The pegbox and scroll are 18th century English and are currently spliced onto a late 19th or early 20th century neck. The scroll model follows the characteristic Stainer pattern, current in mid-18th century London and strongly resembles the work of Robert Thompson or his sons. The varnish is also typical of the Thompson workshop, being a dark red brown on a brown pigment ground. The whole instrument was re-varnished this dark pigmented red-brown colour at the time of the conversion and there are signs of an earlier, possibly original varnish of superior clarity and lighter colour, in the area around the purfling knot on the upper centre of the back. Small patches of the same varnish and golden ground appear on other areas of the back.
The instrument contains a printed paper label which is not original and is glued to the unoriginal soundpost plate that was added at the time of the cello conversion. The label consists of a baking piece of hand-laid paper 84mm in length, onto which 2 rectangular printed sections of similar paper are glued (see photos). As well, due to damage to the upper edge of the label resulting from later repairs to the instrument, a portion of reversed text has become visible. This text is actually printed in a similar, Roman serif font, on the reverse of the backing piece. There are also 4 hand-written letters on the label, which are readable left to right.
Below is the reversed text from the top right-hand corner under normal and infra-red light.
Worm flight holes through the label indicate its presence in the instrument before the worm damage occurred. This worm damage occurred after the conversion to cello, so the label may have been assembled and glued in by the maker who did the conversion or shortly after.
Later Repairs and Alterations
Following the conversion to cello about 1750, this instrument has passed a long period of disuse and poor storage, during which it was very severely damaged by woodworm attack. All parts of the instrument show signs of this attack and the following parts are now absent, most likely due to collapse of the wood from this attack:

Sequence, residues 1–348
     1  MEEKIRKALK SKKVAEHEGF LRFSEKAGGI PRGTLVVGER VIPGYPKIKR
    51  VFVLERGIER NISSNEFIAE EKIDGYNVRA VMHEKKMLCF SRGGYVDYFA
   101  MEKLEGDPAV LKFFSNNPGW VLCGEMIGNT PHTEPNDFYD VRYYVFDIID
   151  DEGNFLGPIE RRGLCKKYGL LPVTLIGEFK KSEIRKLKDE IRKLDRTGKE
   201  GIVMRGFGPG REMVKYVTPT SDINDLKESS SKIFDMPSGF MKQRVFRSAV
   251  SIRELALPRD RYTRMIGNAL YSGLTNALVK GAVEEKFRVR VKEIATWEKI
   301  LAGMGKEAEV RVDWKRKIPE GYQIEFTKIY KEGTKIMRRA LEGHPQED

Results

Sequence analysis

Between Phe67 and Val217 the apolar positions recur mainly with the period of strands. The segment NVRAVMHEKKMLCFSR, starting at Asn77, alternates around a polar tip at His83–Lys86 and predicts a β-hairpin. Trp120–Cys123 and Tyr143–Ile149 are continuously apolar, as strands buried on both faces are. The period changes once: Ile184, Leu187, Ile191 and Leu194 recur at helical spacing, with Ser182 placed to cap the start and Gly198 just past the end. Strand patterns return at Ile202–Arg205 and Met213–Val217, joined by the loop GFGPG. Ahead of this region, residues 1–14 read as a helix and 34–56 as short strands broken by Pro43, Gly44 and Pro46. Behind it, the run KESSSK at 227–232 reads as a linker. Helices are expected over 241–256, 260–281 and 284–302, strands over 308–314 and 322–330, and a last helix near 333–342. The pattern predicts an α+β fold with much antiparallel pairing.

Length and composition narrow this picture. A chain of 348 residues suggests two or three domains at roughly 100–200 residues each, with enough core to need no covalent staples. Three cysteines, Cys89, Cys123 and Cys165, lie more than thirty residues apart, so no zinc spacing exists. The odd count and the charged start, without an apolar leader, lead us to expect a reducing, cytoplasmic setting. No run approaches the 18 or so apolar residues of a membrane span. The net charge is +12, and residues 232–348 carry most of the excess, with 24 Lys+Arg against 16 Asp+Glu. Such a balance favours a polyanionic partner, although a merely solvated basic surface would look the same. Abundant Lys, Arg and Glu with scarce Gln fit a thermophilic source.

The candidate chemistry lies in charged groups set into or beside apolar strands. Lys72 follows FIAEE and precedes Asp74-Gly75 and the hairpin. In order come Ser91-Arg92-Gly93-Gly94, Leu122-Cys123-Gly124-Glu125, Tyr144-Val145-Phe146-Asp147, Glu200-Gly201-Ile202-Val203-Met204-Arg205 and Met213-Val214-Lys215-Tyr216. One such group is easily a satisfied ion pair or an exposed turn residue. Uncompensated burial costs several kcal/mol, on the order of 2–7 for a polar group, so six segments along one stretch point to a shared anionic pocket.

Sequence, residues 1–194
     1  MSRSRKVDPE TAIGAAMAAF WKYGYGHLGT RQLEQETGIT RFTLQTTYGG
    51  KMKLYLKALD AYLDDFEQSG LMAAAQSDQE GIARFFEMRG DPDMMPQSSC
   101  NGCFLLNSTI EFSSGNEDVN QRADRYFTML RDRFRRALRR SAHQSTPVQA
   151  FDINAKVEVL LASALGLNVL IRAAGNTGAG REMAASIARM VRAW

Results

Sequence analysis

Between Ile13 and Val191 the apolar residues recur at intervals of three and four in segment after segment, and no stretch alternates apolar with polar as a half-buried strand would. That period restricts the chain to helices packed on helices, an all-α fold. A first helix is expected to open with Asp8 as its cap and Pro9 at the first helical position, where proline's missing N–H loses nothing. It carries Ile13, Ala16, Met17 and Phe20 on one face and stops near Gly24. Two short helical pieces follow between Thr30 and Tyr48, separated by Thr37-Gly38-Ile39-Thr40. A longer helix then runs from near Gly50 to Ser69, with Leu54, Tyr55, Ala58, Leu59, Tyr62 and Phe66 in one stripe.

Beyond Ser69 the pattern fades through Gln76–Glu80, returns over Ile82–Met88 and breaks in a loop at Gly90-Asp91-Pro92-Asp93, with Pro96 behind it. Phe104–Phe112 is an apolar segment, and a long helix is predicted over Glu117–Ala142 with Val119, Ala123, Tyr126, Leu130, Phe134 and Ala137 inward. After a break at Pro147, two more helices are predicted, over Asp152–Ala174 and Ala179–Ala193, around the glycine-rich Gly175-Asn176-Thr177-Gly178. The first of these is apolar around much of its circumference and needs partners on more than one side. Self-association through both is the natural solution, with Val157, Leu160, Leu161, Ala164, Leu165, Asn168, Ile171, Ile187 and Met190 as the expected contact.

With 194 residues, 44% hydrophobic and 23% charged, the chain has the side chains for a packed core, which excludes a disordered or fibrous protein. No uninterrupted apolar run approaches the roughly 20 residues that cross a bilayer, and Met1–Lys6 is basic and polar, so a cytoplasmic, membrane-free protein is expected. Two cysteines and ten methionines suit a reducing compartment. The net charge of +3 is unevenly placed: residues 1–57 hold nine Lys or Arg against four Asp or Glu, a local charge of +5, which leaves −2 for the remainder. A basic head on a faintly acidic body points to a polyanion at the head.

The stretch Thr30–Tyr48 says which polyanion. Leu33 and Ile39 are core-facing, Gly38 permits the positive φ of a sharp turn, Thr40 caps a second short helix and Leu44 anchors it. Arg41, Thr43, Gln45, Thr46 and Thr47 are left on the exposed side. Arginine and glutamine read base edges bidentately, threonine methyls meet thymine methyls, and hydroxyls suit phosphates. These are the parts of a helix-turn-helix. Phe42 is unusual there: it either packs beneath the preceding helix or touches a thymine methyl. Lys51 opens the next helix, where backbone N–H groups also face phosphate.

á A central section of the upper bout of the belly
á The back above the bend
á The back below the widest point of the lower bout
á The neck from which the present pegbox and scroll were taken.
The quality of this later work is generally quite poor and at times, amateurish. It is not possible to accurately determine the sequence of works undertaken after the worm damage was sustained, but work of a superior quality seems to have been undertaken in the early 20th century, possibly by Domenic Vlummens, the Antwerp maker and repairer, who lived in London in the 1920Õs and 30Õs. The bridge which came with the instrument (see documentation) carries his stamp and the work of fitting a new neck is of reasonable quality and would date from this period.
Condition on Completion:
The instrument was restored as a cello, retaining the early 20th century neck and bassbar. Otherwise the instrument was fitted up as a mid-18th century cello with a period style solid ebony fingerboard and using the 18th century tailpiece which came with the instrument. The one early peg in the set present on arrival was copied in fruitwood and an end button was made to match, the finish being black stain and varnish as per the original.
An ivory nut and saddle were fitted and the instrument fitted with a French style bridge similar to the Vlummens bridge that came with the instrument a soundpost of diameter 11mm was prepared and fitted. A set of period style gut strings were fitted and the instrument provisionally tuned 3 semitones below modern pitch. At this pitch the instrument appears stable and has a warm and strong sound on all strings.
Recommendations for Care and Maintenance:
Pitch and Tuning: Due to the fragile nature of the restored body, it is recommended that the instrument not be left permanently at pitch. Recommended playing pitch is 3 semitones below modern pitch. For display and storage purposes the instrument should be tuned a fifth lower than the recommended playing pitch.
Humidity control: The recommended humidity range for display and storage is 35 – 65%RH. Above and below these limits care should be taken to maintain a microclimate around the instrument and case. This is most important in dry summer weather to avoid stress to joints and possible cracking or seam separation.
If displayed, the instrument should be in a stable humidity environment away from direct sunlight and in the lower storey of a multi-storey building. A hygrometer hanging near the instrument is strongly recommended.
If hanging the instrument for display, support from the scroll using a soft cotton cord and pad the point of contact with a wall using felt attached to the wall with double sided tape.
Ian Watchorn; 22nd. September 2014